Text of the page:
Thursday, June 11, 2009


The answer is two. But first, let me explain why I'm bringing this up.

There's an effort out there to push back against the notion that James von Brunn was a man of the right. Michelle Malkin says, "shooter wasn't 'left' or 'right,' just plain loony," while Kathy Shaidle of writes:

... many of von Brunn's political views track "Left" rather than "Right." ...

For example, he unleashed his hatred of both Presidents Bush and other "neo-conservatives" in online essays.... As well, even a cursory glance at "white supremacist" writings reveals a hatred of, say, big corporations that is virtually indistinguishable from that of anti-globalization activists.

James von Brunn's advocacy of 9/11 conspiracy theories also gives him an additional commonality with individuals on the far-left....

I'll spare you Shaidle's inevitable citation of Jonah Goldberg's Liberal Fascism.

Meanwhile, what are we actually learning about the circles von Brunn traveled in? Here's a fascinating detail from a story in today's Washington Post:

Todd Blodgett, a former Reagan White House aide who later worked with several extremist groups, met regularly with von Brunn in the 1990s and early 2000s.

"Von Brunn is obsessed with Jewish people," Blodgett said. "He had equal contempt for both Jews and blacks, but if he had to pick one group to wipe out, he'd always say it would be Jews."

Blodgett was part-owner of Resistance Records, which distributed music by white racist groups, and worked for Willis Carto, the founder of Liberty Lobby, a radical right group.

Get that? One of von Brunn's pals had worked in the Reagan White House. I'm not saying that Reaganite conservatism is indistinguishable from neo-Nazism, or that one inevitably leads to the other -- I don't believe that at all. I'm just saying that if you're going to walk out on the loony ledge where people like von Brunn and Blodgett congregate, it's highly unlikely you're going to approach that ledge from the left. I've read a lot about von Brunn and his crowd in the past 24 hours; funny, I haven't read about any ideological soul mate who joined this movement after being part of SDS, or the Mobe, or Gene McCarthy's campaign, or George McGovern's (or Howard Dean's or Obama's or Kucinich's, or MoveOn, for that matter).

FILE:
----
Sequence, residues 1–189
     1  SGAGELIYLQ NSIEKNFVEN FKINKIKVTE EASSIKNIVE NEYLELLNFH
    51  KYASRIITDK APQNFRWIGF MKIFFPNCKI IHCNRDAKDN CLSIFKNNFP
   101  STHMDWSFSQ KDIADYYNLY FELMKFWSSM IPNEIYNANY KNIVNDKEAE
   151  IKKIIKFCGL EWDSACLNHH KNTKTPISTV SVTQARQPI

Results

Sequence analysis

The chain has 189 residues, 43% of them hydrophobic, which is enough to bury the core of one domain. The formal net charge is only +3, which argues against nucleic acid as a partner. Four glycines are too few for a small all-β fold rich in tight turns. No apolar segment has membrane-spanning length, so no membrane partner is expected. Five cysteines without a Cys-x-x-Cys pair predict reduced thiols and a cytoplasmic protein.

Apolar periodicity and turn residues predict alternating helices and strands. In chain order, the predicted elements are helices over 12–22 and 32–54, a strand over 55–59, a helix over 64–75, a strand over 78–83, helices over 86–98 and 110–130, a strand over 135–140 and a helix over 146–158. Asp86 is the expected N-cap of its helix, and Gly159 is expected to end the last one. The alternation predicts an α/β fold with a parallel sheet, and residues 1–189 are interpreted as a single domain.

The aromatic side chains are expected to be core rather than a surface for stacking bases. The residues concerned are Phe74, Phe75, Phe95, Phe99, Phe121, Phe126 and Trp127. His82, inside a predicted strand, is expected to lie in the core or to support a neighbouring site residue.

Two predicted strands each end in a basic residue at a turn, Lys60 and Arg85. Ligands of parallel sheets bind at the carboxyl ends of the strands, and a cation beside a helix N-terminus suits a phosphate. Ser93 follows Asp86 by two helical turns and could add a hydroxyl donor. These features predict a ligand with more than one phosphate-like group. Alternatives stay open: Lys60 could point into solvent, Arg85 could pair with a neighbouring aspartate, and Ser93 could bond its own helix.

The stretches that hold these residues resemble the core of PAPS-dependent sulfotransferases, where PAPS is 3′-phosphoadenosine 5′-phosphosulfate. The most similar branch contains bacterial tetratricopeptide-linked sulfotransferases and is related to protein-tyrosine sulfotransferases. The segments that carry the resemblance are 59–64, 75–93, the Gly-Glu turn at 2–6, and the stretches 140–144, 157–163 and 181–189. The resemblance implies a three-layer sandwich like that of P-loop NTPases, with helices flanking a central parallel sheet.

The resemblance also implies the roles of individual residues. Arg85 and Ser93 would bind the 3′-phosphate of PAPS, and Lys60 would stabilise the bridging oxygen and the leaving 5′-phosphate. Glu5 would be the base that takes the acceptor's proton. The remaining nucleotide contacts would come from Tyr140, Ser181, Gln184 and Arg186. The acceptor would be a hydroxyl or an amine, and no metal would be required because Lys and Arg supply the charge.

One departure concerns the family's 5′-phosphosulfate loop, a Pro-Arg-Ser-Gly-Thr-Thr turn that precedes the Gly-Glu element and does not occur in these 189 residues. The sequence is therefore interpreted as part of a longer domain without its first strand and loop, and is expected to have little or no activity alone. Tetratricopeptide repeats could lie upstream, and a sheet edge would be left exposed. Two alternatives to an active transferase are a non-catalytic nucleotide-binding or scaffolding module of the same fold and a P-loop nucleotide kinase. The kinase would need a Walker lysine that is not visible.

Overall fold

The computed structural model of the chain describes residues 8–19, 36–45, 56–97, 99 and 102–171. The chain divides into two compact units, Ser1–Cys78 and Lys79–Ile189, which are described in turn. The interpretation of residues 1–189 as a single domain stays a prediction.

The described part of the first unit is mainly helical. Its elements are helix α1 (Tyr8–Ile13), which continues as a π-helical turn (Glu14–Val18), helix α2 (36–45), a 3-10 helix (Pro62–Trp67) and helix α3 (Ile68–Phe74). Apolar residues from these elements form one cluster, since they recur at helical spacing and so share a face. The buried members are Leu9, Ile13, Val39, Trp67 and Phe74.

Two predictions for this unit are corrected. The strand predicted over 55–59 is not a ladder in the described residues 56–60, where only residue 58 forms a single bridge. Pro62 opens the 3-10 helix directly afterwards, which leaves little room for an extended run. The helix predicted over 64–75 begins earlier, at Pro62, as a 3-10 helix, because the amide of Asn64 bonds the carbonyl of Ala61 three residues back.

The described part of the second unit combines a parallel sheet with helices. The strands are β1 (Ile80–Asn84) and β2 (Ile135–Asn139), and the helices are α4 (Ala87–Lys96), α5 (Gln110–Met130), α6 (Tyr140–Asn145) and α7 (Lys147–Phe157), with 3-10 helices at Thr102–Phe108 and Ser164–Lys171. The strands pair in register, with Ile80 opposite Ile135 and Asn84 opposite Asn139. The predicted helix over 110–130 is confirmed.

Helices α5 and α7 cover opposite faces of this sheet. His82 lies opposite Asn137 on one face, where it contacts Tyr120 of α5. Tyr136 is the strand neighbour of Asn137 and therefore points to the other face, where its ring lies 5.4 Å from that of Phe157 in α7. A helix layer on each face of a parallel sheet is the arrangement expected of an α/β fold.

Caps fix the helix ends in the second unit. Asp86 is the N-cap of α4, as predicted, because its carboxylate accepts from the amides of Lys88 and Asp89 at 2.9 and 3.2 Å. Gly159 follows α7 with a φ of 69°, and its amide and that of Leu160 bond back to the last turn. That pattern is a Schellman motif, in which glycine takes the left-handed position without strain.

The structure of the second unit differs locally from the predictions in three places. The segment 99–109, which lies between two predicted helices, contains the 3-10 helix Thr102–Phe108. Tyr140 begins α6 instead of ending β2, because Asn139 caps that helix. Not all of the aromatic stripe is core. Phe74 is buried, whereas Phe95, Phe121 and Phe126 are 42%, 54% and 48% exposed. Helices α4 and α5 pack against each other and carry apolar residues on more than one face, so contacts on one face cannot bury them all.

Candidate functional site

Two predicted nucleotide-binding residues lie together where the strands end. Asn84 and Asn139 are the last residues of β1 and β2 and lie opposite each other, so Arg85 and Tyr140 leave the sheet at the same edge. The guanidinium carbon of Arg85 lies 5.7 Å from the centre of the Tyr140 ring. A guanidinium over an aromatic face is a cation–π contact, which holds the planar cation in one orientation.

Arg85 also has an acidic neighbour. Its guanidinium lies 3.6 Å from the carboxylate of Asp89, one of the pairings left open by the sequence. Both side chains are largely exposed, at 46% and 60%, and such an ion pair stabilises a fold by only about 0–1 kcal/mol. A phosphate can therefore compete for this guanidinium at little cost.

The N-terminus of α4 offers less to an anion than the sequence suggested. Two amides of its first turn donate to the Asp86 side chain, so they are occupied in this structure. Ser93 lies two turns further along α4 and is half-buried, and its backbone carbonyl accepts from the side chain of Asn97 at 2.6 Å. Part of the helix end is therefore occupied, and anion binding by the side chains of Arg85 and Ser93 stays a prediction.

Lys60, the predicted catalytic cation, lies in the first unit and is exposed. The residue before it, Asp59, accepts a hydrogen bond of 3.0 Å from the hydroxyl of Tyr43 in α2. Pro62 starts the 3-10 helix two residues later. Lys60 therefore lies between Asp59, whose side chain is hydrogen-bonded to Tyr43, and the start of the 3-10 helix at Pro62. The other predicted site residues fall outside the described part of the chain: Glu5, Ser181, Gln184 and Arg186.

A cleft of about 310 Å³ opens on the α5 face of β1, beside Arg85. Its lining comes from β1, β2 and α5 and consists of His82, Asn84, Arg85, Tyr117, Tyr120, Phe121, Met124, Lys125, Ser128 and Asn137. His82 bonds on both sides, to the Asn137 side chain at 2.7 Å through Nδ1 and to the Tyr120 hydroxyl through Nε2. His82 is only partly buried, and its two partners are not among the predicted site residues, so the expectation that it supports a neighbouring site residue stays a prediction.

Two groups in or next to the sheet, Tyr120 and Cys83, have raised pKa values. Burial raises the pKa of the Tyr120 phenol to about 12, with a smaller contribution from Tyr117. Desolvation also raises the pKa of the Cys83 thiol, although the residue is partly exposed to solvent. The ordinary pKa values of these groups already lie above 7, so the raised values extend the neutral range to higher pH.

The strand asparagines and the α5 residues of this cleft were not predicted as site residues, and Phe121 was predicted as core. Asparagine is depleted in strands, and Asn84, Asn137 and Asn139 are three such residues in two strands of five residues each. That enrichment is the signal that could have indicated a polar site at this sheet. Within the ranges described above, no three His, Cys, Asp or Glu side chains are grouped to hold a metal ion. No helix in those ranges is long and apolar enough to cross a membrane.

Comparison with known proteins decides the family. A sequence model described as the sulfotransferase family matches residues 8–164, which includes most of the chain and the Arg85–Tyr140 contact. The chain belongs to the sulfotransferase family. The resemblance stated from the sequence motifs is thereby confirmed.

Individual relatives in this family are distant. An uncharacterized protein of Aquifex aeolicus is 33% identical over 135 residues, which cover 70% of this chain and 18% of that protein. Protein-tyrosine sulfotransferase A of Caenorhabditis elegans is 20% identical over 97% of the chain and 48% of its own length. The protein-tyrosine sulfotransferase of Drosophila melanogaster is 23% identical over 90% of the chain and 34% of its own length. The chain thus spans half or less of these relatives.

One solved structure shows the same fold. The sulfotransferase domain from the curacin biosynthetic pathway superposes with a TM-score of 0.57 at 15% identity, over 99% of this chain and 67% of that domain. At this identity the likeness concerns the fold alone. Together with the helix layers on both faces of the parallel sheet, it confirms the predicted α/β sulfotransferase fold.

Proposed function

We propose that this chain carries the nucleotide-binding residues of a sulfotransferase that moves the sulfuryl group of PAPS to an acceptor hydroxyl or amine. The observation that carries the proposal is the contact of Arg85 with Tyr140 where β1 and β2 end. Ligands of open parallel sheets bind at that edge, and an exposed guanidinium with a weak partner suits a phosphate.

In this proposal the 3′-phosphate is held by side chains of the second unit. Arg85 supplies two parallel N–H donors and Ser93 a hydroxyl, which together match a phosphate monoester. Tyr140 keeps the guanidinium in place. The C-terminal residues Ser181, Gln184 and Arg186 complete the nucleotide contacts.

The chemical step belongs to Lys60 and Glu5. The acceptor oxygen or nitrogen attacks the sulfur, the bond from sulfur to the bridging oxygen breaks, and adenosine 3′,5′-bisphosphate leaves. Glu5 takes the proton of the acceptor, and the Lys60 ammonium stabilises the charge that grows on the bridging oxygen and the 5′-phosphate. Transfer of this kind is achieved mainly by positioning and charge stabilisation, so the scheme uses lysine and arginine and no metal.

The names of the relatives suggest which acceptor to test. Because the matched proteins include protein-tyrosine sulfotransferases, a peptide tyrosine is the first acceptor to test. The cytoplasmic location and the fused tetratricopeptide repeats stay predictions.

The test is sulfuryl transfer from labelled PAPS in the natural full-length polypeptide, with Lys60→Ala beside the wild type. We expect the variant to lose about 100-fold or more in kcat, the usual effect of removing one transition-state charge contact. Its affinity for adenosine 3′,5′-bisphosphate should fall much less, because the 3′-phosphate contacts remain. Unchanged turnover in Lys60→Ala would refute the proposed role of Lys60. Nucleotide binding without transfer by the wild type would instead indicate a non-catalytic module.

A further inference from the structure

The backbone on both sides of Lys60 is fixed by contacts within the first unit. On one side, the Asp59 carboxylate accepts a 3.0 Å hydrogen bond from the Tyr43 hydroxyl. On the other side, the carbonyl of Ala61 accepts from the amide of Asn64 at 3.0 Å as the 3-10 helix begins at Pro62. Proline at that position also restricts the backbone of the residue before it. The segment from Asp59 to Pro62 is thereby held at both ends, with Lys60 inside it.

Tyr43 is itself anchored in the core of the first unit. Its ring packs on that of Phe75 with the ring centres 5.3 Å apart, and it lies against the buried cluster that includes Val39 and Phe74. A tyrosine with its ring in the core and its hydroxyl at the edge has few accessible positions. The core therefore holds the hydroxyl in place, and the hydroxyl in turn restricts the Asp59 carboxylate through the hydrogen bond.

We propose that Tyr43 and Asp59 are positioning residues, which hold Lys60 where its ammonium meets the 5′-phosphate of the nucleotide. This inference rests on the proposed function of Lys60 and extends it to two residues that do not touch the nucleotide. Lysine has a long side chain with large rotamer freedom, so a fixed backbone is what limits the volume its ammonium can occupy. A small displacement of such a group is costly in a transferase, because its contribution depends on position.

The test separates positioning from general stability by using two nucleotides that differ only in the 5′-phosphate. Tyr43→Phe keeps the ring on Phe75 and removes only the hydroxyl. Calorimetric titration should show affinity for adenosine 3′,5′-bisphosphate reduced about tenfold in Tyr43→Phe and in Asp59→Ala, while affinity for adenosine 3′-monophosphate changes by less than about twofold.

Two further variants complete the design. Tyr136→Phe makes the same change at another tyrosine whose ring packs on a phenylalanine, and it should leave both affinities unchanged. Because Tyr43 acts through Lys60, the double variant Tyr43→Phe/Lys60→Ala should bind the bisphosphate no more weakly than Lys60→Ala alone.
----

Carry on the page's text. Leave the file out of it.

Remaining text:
Here's more about Blodgett, from the Southern Poverty Law Center. I'll highlight one passage in particular:

Padded by a wealthy Republican father, Todd Alan Blodgett has been a free-range hustler inside and out of the Washington Beltway since he served as a staffer in the Reagan White House.

The 39-year-old son of Republican State Rep. Gary Blodgett of Iowa, Todd Blodgett was a protege of the late Lee Atwater, a key GOP campaign strategist of the time. Fresh from Drake University journalism school in 1983, Todd Blodgett went to work for since-retired Republican Sen. Roger Jepsen of Iowa.

Within a year, he was enjoying the run of the Reagan White House as a staff editorial assistant. Then it was on to the Bush/Quayle election committee as a domestic policy adviser.

But by 1995, Blodgett also had slipped into the anti-Semitic arms of Willis Carto. Splitting his time between GOP strategy and marketing Carto's anti-Semitic tabloid
The Spotlight, Blodgett was soon operating a number of Carto's financial shells, including one that later held Resistance Records.

Late in 1998, Blodgett was a glad-handing fixture at the functions of various racist groups, including
American Renaissance, a magazine run by white separatist Jared Taylor that focuses on alleged biological differences between races; the Council of Conservative Citizens, a white supremacist group with ties to many politicians that long has tried to portray itself as a mainstream conservative organization; and the neofascist British National Party.

So how long was he both an inner-circle Republican and a peddler of nakedly racist periodicals? How long did it take for someone to conclude that this was a bit, um, awkward?

(Then again, hanging out with the Council of Conservative Citizens was practically respectable for years -- Trent Lott regularly spoke at its rallies and wrote for its newspaper; Bob Barr also spoke at one of the group's rallies.)

And no, I'm not going to accept as "liberal" John Crommelin, a great fan of von Brunn's book, merely because Crommelin ran for president in 1968 as a Democrat. He was from Alabama, and if being a racist Democrat from Alabama makes you a liberal, then I guess George Wallace was a liberal, too. From Crommelin's New York Times obituary:

He also ran unsuccessfully for various public offices. He was a candidate in the Democratic Presidential primary in New Hampshire in 1968 and also repeatedly announced himself as a candidate for the United States Senate. The National States Rights Party, advocating white supremacy, nominated him for Vice President in 1960.

In retirement, Admiral Crommelin became known as a supporter of Senator Joseph R. McCarthy, Republican of Wisconsin, and also as an avowed anti-Semite who was active in segregationist circles. It was reported in 1960 that he was a self-styled ''white man's candidate'' for public office and called Jews the real enemy of ''white Christian Alabamians,'' asserting that they controlled the National Association for the Advancement of Colored People.

As for von Brunn himself, I haven't been able to confirm this:

Freepers themselves cite pictures of Von Brunn's personal truck with "Bush/Cheney '04 sticker" on it posted to the website,

But here's the link to the Free Republic comment cited.


UPDATE: Limbaugh on the shooter:

This guy is a leftist, if anything. This guy's beliefs, this guy's hate, stems from influence that you find on the left, not on the right.

The Big Lie.

Oh, and I see Coulter wannabe Tammy Bruce and other right-wingers are saying the shooting was Obama's fault.

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